On day 3 of testimony in the Deutsche Bank firefighter manslaughter trial (a lawsuit based on whether Deutsche Bank should be liable for 2 firefighters who died after being trapped on the building’s 14th floor without water after a standpipe was left unrepaired ), a male juror apparently “repeatedly closed his eyes, his head nodding forward for seconds at a time before he snapped to alertness” according to the New York Post. The juror also apparently mouthed the words “What are they talking about?” For many, the idea that a juror could fall asleep during a trial and the trial to continue seems like an affront to justice. However, in many cases, a trial will continue even if a juror falls asleep!
Should A Trial Stop If A Juror Falls Asleep?
When a juror falls asleep during trial, what should a judge do? Should he or she stop the case to wake up the juror, should the juror be excused, or should there be an entirely new trial? None of these options help judicial expediency, but what about fairness?
First, if a juror falls asleep, a judge may stop the trial to wake the juror. For example, in 1997, a juror had fallen asleep during the judge’s summation of the case for the juror. When questioned what he missed, he responded “very little” so the judge proceeded.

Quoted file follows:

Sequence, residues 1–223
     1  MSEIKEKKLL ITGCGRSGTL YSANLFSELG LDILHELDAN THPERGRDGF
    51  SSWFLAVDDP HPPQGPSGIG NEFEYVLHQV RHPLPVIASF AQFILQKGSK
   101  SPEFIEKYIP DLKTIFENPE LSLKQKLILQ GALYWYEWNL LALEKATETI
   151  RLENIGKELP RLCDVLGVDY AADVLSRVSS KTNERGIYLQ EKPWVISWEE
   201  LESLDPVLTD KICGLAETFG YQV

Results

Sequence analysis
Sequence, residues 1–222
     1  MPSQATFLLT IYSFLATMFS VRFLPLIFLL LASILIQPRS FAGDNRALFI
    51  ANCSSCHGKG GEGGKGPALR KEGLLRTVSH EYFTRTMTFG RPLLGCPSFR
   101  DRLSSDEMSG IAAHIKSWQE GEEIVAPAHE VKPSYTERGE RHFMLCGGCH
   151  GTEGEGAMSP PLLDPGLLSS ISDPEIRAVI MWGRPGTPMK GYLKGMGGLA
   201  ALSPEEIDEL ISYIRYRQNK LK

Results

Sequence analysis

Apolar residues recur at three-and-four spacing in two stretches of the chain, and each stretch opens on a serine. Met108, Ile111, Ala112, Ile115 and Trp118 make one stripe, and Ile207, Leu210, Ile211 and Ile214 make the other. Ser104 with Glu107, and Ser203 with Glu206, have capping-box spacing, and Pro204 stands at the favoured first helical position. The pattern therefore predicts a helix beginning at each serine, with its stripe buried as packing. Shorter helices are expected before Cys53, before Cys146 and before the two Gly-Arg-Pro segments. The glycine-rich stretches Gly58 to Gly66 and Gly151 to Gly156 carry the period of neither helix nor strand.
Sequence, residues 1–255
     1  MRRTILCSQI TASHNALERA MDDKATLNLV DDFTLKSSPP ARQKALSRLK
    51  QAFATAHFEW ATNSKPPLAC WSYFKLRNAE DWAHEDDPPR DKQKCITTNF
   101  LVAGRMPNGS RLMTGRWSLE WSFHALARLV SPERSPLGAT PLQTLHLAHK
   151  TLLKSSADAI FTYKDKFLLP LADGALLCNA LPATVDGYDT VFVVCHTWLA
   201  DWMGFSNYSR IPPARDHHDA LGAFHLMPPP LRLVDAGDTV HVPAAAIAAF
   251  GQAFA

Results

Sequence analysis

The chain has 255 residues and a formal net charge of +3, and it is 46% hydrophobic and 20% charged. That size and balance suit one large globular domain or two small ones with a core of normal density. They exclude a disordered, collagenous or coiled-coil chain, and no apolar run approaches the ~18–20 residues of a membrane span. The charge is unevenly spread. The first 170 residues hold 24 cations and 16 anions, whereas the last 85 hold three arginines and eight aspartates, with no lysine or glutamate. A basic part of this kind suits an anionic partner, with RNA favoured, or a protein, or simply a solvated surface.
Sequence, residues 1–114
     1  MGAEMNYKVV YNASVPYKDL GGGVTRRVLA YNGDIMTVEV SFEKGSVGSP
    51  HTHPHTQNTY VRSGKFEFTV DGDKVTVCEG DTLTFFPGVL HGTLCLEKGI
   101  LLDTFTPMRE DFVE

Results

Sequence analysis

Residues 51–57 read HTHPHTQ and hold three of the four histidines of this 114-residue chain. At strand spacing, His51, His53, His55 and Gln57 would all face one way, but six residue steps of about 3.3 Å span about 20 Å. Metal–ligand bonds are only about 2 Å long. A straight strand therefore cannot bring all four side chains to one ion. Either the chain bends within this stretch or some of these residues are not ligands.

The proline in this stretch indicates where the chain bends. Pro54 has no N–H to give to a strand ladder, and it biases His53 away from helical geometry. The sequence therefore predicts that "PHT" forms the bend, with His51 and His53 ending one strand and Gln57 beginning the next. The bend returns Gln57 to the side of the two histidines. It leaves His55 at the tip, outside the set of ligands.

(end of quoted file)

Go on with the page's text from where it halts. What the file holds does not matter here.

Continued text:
What about excusing the juror?
Many people will go to extremes to avoid jury duty, imagine excusing a juror just because it looks like they are nodding off. For many attorneys, just trying to fill a jury box with those that could understand the facts of the case is a difficult enough task, if every juror who looked uninterested or asleep was excused, how many more people would need to be alternates?
Finally, what about starting a new trial?
There are two main issues with this idea; one trial’s tend to be long, expensive processes and under Section 18 of the Juries Act of 1974, there can be no reversal of a verdict on the ground “that any juror was unfit to serve.” A trial not only takes a great amount of resources from the two parties (whether it’s a civil suit or criminal), their attorneys, witnesses, and the judiciary itself (there are many different forms, filings, motions, and declarations that must be created, read, argued upon, and a final decision is to be made), but it also takes the time of the jury. Depending on what type of jury trial it is, there may need to be a unanimous jury verdict, in other cases, there only needs to be a majority. Finally, the appellate court is incredibly hesitant to overturn a jury verdict because the jurors were agreed upon by both parties, there was a trial on the facts, and there were 11 other people who agreed the person was guilty.
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